Warren Bird is a friend and the research director at Leadership Network. He has a background as a pastor, seminary professor, and is author or co-author of 24 books for ministry leaders including Better Together: Making Church Mergers Work with Jim Tomberlin. His most recent title is Wisdom from Lyle E. Schaller. You can follow him on Twitter @warrenbird.
Recently, he posted a report entitled “2013 Year-End Status of Megachurches” and I think it is fascinating. Warren always has great insight into the life of churches individually and is able to highlight the trends that are happening on a larger scale. I connected with Warren and asked his permission to repost his article here. Take a look, mull over it, and think through the implications about what we are seeing in the church in North America. And, make sure you follow Warren’s writings, tweets, blog posts, and books to learn more from a guy who is helping all of us.
2013 Year-End Status of Megachurches by Warren Bird
(originally posted at LeadNet.org)
Big churches, for right or wrong, get a disproportionate amount of media attention. This happens especially Christmas and Easter, and in year-end tallies. Below I profile the latest megachurch statistics.
Keep in mind that the average church globally numbers fewer than 100 in worship. Across the world, there are almost 5 million Christian congregations; the Center for the Study of Global Christianity’s Status for Global Mission – 2013 (line 42) puts the number at 4,629,000. In some countries, especially those where Christianity is all but illegal, these gatherings of Christians are almost exclusively house churches in form. In fact, today 5.1 billion people today live in countries with high or very-high religious restrictions or hostilities, according to Pew Research Center. Thus for better or for worse, only in some countries are large public churches free to develop.
Megachurches – those Protestant congregations averaging 2,000 or more in weekly worship attendance, adults and children, all physical campuses – exist in at least 48 countries (see my list of global megachurches here). Many nations, even giant ones like India, have received minimal research in terms of how churches are growing and multiplying. I look forward to the day when churches worldwide, including larger churches, receive equal study and attention. For now, megachurches in North America have been researched more than those in other countries, so here’s what we know about very large churches in the United States:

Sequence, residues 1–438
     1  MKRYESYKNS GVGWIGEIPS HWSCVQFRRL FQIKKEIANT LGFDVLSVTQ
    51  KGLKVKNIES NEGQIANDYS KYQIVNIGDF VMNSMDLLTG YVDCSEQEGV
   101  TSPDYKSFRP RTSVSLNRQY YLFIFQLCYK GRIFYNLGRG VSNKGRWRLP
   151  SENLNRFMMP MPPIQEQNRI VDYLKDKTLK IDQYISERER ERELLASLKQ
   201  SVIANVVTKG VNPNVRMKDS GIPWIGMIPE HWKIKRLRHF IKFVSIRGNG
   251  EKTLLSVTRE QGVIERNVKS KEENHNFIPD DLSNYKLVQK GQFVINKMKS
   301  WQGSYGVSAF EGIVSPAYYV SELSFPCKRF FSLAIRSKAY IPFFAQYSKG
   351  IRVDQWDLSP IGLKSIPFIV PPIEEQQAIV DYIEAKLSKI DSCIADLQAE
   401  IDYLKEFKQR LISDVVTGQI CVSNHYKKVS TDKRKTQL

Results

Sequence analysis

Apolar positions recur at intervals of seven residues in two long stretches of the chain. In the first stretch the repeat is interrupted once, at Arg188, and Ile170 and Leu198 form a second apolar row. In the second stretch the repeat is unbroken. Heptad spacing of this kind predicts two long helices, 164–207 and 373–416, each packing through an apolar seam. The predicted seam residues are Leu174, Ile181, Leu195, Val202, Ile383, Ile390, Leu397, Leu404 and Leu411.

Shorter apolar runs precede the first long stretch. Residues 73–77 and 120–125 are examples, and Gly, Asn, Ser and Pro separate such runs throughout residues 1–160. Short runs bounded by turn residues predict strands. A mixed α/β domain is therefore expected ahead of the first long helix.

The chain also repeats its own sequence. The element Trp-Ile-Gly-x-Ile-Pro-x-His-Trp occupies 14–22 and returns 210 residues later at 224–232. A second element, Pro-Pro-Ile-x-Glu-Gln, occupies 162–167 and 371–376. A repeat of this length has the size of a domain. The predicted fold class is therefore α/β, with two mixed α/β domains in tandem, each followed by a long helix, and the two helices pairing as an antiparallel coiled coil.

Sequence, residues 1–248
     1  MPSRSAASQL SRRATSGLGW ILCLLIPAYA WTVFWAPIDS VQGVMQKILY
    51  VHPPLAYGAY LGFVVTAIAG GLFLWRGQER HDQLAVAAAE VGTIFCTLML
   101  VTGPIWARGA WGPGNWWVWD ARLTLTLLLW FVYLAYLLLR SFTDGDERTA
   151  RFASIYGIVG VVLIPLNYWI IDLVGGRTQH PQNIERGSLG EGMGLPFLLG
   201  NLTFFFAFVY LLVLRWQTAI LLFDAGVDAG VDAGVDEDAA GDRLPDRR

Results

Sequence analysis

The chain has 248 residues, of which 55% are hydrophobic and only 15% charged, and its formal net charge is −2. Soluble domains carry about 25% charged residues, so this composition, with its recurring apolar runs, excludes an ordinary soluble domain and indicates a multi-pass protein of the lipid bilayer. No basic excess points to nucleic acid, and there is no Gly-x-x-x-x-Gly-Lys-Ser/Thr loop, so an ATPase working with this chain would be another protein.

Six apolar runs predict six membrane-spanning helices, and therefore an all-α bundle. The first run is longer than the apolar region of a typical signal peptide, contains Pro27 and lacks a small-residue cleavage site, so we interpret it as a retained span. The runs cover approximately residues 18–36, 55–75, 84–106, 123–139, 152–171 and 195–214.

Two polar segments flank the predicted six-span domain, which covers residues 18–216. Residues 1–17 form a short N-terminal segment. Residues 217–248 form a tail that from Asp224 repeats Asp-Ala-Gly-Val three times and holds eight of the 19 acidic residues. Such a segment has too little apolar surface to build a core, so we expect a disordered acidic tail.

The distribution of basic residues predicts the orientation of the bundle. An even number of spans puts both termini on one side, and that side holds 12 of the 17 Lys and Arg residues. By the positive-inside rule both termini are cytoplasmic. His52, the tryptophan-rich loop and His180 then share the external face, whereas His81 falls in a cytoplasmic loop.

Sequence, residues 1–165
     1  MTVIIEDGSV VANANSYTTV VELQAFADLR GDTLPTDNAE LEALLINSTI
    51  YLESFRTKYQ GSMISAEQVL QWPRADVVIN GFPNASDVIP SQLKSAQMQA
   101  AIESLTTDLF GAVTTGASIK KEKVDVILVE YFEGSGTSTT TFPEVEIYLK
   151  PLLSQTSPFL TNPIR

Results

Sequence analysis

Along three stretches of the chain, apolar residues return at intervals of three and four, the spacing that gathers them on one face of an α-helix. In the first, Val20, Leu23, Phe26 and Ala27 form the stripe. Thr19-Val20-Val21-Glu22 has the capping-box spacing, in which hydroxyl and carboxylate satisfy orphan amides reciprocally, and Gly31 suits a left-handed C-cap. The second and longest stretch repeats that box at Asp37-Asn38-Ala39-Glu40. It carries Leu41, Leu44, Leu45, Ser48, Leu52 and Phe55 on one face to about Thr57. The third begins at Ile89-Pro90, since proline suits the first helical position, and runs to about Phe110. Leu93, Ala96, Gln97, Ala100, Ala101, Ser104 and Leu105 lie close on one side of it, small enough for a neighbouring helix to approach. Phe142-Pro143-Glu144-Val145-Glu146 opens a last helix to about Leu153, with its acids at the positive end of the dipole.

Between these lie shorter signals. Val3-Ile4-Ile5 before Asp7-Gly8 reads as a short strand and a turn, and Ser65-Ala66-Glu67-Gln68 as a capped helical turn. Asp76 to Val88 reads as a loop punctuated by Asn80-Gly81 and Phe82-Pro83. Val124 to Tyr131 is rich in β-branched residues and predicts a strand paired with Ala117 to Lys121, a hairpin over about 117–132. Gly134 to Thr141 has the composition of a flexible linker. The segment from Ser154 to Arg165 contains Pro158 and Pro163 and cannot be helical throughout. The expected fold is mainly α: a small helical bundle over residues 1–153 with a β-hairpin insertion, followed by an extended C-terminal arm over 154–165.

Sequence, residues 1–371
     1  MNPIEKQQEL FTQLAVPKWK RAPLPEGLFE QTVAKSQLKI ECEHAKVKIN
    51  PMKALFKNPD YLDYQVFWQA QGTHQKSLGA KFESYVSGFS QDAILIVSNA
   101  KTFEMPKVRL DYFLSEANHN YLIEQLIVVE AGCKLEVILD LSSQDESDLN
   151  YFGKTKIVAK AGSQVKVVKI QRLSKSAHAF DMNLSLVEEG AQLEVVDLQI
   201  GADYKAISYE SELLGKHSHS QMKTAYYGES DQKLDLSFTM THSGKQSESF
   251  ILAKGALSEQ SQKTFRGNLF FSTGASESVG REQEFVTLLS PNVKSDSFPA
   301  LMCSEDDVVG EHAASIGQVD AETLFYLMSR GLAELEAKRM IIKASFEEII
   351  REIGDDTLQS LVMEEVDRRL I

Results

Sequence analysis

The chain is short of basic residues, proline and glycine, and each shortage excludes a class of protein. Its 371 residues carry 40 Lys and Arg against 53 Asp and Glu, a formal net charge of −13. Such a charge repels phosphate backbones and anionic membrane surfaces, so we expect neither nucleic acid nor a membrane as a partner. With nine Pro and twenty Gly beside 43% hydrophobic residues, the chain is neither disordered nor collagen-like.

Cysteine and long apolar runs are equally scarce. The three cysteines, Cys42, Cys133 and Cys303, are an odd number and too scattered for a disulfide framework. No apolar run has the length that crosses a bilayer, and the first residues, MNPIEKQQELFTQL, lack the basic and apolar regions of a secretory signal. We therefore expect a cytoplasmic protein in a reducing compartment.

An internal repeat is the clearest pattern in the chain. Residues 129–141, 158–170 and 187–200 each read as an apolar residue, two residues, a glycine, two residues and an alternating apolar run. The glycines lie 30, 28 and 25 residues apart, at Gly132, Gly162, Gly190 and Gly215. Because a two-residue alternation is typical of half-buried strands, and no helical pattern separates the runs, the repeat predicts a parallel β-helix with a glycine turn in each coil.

Scope and Size of U.S. Megachurches
5 million – Number of people who worshipped in a U.S. megachurch last weekend (if it was a regular weekend, with Christmas and Easter being much higher).
1,650 – Current number of megachurches in the United States, according to church lists compiled by Leadership Network.
0.5% – While almost 10% of Protestant churchgoers attend a megachurch, these churches represent only about half of one percent of the roughly 320,000 Protestant churches that exist in the United States. For more breakdown by size, see these Hartford Institute for Religion Research FAQs.
46 – Amount of the 50 states have a megachurch (not yet in Delaware, Maine, Rhode Island and Vermont). Megachurches can be found in Washington DC as well.
Almost all – Number of Protestant denominations that have at least one megachurch from the biggest denominations (Southern Baptists, United Methodists, Evangelical Lutherans, etc., which each have many) to smaller denominations (Foursquare, Christian & Missionary Alliance, Nazarene, etc.). Most denominational megachurches hold their denominational affiliation lightly – Saddleback is Southern Baptist, and LifeChurch.tv is Evangelical Covenant, for example – and many are nondenominational, such as Lakewood, Willow Creek, North Point and Potter’s House.
21% – Amount of today’s megachurches founded in the last 20 years. Average (median) founding date of all current megachurches is 1977.
22% – Amount of today’s megachurches founded by their current lead pastor. (Thus the current pastor was the church’s very first pastor.)
79% – Amount of current megachurch pastors who led their congregation through its most dramatic growth era occur — i.e., under whose leadership it became a megachurch.
55 – Average (median) age of today’s megachurch lead pastor (5% are under age 40, 18% under age 45).
92% – I’ve personally visited 23 of the 25 (or 92%) largest-attendance Protestant churches in the United States. I visit lots of churches of other sizes too. 🙂
For more facts about megachurches see various reports I’ve authored or co-authored at www.leadnet.org/megachurch.